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22 December 2016

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Irish victims of London police spy scandal demand inclusion in Westminster inquiry

● British police spy Mark Kennedy – operated in Ireland but with whose authority or knowledge?

THREE VICTIMS of a controversial spy operation in Ireland by elite undercover police from New Scotland Yard and London’s Metropolitan Police have filed legal action to demand their inclusion in the ongoing British Undercover Policing Inquiry (UCPI).

The spy unit has sparked controversy across Europe but the Tánaiste and Justice Minister Frances Fitzgerald has been accused of failing to support victims.

Met Police logo Total Policing

In 2015, media revelations showed that undercover officers from a secret unit within the Metropolitan Police at New Scotland Yard had deceived women active in the environmental movement and progressive politics into long-term and intimate relationships as part of the police officers’ undercover activities.

The outcry forced then British Home Secretary Theresa May – now British Prime Minister – to establish a public inquiry into undercover political policing (UCPI) under Sir Christopher Pitchford as Chairperson. However, the UCPI was given the remit to cover only England and Wales even though the same undercover officers were known to have operated in Ireland, outside their jurisdiction and in questionable circumstances.

Three victims of former undercover London Metropolitan Police officer Mark Kennedy have been granted “Core Participant” status at the UCPI because they were targeted in England. However, the three were also targeted by Kennedy in Ireland but they have so far been denied access to justice in this jurisdiction. 

Despite numerous Parliamentary Questions at Westminster further exposing the scandal, the British Government has resisted Irish inclusion the UCPI.

Victims Sarah Hampton, Kim Bryan and Jason Kirkpatrick have now filed legal action with Justice Minister Frances Fitzgerald, seeking action and a chance for justice.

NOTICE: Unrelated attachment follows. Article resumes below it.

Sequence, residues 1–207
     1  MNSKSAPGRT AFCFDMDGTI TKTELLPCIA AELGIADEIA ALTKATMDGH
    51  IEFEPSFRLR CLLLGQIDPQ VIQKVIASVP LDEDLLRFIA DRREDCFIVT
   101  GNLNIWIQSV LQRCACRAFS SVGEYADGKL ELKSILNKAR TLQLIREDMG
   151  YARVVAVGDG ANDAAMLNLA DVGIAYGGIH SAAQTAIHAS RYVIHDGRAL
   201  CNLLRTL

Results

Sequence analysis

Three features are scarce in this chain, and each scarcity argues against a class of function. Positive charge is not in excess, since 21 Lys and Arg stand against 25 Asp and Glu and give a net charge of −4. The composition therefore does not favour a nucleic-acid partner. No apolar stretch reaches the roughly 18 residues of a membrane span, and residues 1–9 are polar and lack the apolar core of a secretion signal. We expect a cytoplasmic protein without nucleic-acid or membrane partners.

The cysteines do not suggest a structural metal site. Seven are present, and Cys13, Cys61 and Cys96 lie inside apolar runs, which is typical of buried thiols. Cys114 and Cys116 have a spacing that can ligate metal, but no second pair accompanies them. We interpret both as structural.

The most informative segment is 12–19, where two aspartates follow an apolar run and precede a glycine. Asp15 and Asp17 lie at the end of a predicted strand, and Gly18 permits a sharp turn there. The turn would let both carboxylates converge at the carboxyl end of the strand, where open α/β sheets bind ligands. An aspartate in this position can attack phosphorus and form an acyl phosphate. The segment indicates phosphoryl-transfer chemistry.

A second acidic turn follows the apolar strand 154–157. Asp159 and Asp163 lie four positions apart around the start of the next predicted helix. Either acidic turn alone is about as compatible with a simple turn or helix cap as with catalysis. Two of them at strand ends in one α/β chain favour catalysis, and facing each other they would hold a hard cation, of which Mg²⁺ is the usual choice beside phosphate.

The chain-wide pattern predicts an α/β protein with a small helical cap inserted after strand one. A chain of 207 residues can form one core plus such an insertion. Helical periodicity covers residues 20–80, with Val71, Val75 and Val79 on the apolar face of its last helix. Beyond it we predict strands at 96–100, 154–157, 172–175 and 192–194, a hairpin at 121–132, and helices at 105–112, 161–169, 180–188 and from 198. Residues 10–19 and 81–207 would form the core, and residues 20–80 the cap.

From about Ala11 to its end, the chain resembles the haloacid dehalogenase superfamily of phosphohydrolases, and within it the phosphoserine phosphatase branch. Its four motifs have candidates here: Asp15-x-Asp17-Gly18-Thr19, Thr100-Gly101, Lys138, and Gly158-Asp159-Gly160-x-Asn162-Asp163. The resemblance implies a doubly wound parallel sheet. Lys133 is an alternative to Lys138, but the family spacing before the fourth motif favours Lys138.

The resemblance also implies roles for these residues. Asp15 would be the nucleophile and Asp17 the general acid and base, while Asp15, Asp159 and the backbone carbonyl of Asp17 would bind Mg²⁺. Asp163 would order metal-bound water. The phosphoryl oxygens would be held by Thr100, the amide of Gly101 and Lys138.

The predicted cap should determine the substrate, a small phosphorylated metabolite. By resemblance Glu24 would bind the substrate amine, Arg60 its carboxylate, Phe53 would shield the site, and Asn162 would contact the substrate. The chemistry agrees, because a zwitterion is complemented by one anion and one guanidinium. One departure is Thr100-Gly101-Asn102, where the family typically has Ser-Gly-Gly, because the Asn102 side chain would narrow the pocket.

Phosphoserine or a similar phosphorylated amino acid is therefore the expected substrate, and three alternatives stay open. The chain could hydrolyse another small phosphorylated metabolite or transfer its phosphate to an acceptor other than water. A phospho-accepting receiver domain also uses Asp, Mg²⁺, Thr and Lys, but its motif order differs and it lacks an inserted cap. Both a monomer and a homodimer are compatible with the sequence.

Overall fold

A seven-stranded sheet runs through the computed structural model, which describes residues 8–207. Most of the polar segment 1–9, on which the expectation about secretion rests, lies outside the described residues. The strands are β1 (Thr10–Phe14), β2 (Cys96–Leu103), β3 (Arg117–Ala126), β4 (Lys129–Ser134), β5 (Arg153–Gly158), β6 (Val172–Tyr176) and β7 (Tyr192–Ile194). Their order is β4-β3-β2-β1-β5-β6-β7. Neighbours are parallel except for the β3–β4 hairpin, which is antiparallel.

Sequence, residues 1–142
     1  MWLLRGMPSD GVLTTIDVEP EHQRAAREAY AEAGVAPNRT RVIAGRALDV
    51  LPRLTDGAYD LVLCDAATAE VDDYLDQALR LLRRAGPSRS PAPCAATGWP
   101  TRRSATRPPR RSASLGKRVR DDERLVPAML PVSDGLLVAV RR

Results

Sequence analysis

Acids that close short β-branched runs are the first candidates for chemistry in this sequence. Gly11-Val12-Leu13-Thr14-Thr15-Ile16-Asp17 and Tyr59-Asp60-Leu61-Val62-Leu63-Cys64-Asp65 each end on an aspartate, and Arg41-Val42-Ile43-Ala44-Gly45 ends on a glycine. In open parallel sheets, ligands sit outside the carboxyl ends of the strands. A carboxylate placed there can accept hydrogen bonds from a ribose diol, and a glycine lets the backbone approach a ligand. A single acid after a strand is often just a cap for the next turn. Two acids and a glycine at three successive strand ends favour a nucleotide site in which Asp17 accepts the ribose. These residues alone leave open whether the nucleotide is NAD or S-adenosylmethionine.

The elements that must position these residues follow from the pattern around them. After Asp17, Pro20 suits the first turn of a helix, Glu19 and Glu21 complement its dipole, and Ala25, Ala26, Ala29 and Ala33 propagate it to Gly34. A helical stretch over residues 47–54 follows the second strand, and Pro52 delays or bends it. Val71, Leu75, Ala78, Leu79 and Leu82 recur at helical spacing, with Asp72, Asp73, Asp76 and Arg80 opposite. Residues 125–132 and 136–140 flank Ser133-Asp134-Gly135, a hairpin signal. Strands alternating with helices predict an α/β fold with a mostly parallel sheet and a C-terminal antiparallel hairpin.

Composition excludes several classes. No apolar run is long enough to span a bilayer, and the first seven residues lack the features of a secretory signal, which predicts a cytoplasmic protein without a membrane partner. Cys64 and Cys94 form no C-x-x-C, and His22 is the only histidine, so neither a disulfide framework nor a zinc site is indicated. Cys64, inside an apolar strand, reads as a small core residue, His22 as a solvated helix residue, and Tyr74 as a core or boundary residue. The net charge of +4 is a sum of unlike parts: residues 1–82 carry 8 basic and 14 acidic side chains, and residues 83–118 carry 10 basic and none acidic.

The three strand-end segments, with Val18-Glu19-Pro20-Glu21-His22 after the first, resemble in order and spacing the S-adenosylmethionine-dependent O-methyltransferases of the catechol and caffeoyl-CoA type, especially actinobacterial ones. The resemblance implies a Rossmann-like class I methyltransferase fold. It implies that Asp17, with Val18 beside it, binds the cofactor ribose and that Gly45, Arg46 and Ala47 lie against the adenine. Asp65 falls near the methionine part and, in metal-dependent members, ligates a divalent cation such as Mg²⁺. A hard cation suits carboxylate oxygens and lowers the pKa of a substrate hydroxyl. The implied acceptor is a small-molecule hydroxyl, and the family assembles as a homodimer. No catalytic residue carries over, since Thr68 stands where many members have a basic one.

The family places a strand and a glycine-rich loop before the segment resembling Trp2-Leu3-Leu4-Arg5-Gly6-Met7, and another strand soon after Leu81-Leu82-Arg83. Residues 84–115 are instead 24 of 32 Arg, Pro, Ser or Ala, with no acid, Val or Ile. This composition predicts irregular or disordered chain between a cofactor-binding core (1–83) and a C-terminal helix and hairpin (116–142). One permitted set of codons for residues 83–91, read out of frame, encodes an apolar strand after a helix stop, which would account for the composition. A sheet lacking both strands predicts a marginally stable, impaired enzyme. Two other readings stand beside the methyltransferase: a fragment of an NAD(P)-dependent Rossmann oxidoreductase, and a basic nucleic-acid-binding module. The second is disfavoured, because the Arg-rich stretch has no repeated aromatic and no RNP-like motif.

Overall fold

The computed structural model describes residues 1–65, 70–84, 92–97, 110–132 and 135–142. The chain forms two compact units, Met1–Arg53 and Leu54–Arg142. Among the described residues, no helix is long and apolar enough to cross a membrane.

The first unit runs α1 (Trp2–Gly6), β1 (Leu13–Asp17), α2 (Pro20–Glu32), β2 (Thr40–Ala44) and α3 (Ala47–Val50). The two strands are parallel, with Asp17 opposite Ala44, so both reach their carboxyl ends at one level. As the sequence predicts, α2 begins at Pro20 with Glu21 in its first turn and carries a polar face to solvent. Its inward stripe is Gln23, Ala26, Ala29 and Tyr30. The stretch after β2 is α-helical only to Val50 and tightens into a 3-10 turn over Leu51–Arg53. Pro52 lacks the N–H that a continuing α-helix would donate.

Jason Kirkpatrick, who was targeted in Ireland by undercover officer Mark Kennedy, said:

“The London Metropolitan Police have been forced to admit violating human rights and to apologise to some of those they targeted. If the Government of Ireland was complicit in the same actions, they also must apologise.

“It is absolutely frustrating that Ireland has been excluded from the current investigation into undercover policing where it is publicly known that British undercover police officers operated in Ireland in the same way.”

He added:

“With the submission of this legal action, I’m hoping to move one step further towards finding out why I was targeted in Ireland by one of the most elite undercover officers of the British state.

“It makes no sense that my being targeted in England by secret police is to be fully examined in the inquiry but information about my being targeted by the same known officer in Ireland is to be kept completely secret.”

Darragh Mackin, KRW Law

Lawyer Darragh Mackin of KRW Law (pictured) said:

“It is alarming that there were a number of Met Police undercover officers in operation in this jurisdiction without any form of accountability.

“It is our clients’ case that, in light of this evidence, the Pitchford Inquiry should be extended so that it may, in essence, follow the ‘evidential trail’.

“It is illogical to assert that an investigation is required in London but not in this jurisdiction.”

Lynn Boylan speaking 2015

◼︎ Sinn Féin Dublin MEP Lynn Boylan (pictured above) has previously called on Justice Minister Frances Fitzgerald to ask her British counterpart, Home Secretary Amber Rudd:

  • Who authorised London police spy Mark Kennedy’s trip to Ireland?
  • Who sanctioned the list of Irish campaign groups that were to be targeted?
  • Were any convictions in Ireland secured on evidence or actions carried out by undercover British police officers?

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